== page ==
Ten North American Native Perennials That Are So Hot Right Now:
- Heucheras (Coral Bells)
- Aquilegia (Columbine)
- Red Osier Dogwood
- Hydrangea (arborescens like “Annabelle” and oakleaf like “Gatsby Moon” are native)
- Echinacea (coneflowers)
- Rudbeckias (Black-Eyed Susan and related plants)
- Coreopsis (tickseeds)
- Milkweed and Butterfly Weed
Beware Ornamental Invasives
Exotic ornamental plants are ecologically barren in the garden, providing little to no benefits to wildlife. Some are also invasive, meaning they spread aggressively and can crowd out more beneficial plants. But some nurseries still sell plants that are both invasive and exotic – and these plants can spread to nearby woodlands. Avoid these top offenders!
- Bradford or Callery Pear Trees (plant a serviceberry or redbud instead)
- Vinca Minor or periwinkle, often called creeping myrtle (swap for creeping phlox or wild ginger)
- Autumn Olive (plant an American Plum, or American Hazelnut)
- Lilly of the Valley (plant solomon’s seal or spiderwort)
- Japanese Honeysuckle (native Trumpet Honeysuckle is an easy swap)
- Privets (consider a hedge of winterberry, or highbush cranberry viburnum)
- English Ivy (plant creeping phlox or pachysandra)
- Japanese Barberry (substitute a ninebark or new jersey tea bush)
- Burning Bush (try an oakleaf hydrangea or Virginia sweetspire)
Don’t Over-do The Fertilizer
There’s no such thing as a chubby petunia. Plants that are overfed will suffer fertilizer burn, weak stems and uneven growth, and increased sensitivity to drought. Worse, the excess nutrients from any fertilizer over and above what your plants can absorb will wash into storm drains or local watersheds. There it can feed algae blooms that deplete oxygen from the water, harming fish and other river life. Your best bet is always a soil test to see what your starting soil conditions are! That way you can add only what is needed. If you don’t want to do a soil test, plan a conservative fertilization schedule, especially if you don’t see any signs of nutrient deficiencies in your plants. You can always contact MSU Extension (link: https://www.canr.msu.edu/clinton/office_services) for local, expert guidance on fertilizer questions.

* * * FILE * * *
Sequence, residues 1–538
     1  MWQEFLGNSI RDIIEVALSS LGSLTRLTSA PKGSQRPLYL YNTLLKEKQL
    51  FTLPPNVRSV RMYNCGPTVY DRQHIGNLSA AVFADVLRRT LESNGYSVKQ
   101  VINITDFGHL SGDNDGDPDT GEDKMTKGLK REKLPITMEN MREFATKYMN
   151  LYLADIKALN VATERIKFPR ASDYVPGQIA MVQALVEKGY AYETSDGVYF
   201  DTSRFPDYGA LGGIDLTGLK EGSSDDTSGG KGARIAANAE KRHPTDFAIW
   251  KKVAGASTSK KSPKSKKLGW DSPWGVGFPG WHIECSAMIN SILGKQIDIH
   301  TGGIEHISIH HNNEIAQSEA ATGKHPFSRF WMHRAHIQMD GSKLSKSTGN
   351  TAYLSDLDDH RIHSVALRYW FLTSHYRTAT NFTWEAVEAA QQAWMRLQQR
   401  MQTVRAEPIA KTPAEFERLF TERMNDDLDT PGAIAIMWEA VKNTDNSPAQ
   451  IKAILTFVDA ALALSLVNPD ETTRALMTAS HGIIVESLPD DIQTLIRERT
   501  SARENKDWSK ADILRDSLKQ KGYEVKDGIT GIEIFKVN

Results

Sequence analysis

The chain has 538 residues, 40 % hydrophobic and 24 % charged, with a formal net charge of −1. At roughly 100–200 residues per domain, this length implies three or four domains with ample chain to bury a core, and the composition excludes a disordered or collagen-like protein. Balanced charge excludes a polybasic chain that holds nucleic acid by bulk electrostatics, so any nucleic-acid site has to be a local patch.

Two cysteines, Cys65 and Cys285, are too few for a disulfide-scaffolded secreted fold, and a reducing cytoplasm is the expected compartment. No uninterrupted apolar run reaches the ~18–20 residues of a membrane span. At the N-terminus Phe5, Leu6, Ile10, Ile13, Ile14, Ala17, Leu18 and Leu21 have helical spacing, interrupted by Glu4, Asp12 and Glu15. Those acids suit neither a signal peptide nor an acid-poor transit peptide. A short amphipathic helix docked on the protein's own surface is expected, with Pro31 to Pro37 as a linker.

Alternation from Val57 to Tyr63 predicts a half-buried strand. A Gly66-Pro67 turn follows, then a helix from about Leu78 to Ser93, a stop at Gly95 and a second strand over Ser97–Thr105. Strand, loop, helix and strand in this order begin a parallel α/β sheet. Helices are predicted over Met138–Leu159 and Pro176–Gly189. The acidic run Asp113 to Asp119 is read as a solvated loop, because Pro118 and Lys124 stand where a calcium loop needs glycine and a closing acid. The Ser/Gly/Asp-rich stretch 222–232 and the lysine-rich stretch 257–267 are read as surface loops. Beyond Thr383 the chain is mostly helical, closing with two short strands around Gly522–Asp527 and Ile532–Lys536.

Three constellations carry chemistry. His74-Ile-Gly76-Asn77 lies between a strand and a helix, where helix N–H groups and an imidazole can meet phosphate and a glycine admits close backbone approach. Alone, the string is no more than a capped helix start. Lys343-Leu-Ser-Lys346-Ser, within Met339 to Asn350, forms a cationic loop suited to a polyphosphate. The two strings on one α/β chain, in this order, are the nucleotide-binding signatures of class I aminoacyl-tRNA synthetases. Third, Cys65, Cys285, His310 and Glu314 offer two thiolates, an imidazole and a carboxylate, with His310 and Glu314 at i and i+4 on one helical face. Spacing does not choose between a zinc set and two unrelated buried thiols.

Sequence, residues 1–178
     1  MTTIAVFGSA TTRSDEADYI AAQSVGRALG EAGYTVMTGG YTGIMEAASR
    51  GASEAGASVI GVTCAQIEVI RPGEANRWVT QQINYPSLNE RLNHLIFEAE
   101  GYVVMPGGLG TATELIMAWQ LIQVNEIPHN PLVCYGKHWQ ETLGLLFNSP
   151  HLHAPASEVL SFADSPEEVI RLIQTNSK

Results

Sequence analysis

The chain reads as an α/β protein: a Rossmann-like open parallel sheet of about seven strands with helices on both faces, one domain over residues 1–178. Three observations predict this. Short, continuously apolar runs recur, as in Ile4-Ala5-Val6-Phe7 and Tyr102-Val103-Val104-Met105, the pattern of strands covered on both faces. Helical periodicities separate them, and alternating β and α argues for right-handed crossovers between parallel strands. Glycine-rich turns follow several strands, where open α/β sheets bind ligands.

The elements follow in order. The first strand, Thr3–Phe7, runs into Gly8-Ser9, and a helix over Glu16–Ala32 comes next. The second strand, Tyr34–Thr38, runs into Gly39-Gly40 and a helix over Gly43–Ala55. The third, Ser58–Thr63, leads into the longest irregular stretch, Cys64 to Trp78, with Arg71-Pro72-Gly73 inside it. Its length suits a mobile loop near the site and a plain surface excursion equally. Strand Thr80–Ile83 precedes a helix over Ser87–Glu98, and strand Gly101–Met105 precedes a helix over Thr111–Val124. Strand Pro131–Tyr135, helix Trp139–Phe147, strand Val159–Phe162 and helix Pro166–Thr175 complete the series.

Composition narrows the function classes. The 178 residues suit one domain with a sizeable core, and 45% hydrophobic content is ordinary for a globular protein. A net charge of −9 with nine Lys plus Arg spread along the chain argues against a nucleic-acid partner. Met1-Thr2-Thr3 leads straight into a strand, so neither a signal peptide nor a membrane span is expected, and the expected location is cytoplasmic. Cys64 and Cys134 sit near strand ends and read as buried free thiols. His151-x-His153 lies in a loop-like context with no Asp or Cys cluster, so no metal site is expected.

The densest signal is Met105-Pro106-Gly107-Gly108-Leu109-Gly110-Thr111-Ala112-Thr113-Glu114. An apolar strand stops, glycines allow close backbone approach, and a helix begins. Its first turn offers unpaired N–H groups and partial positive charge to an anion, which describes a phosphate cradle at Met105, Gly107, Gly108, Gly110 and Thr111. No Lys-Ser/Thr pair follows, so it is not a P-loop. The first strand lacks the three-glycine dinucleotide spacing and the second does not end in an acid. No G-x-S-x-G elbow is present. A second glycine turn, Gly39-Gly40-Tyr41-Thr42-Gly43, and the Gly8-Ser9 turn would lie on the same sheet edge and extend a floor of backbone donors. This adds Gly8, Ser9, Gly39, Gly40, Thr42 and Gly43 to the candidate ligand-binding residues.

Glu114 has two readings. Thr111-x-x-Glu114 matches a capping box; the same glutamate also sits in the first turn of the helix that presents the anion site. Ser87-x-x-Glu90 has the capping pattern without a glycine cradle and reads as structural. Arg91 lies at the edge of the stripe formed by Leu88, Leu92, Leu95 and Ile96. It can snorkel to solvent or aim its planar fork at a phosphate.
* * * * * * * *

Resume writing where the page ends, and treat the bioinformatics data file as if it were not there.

Reuse and Recycle
A good gardener never pays for anything they might be able to scrounge up from another source. Plant pots can be saved and re-used to start seeds and tubers next spring. Cardboard from delivery boxes (because we all went a little overboard with the online shopping over the long winter) can be broken down to make an effective weed barrier. Layered under mulch, cardboard is much healthier, and cheaper, than buying landscaping fabric. Long branches pruned from shrubs and small trees make great support stakes for tomatoes or heavy flowers. And keep an eye out for used landscaping materials. As people re-do their gardens this time of year, there are often bricks, stones, edging, benches, pots, and other secondhand items available from neighbors. Be creative, and happy gardening!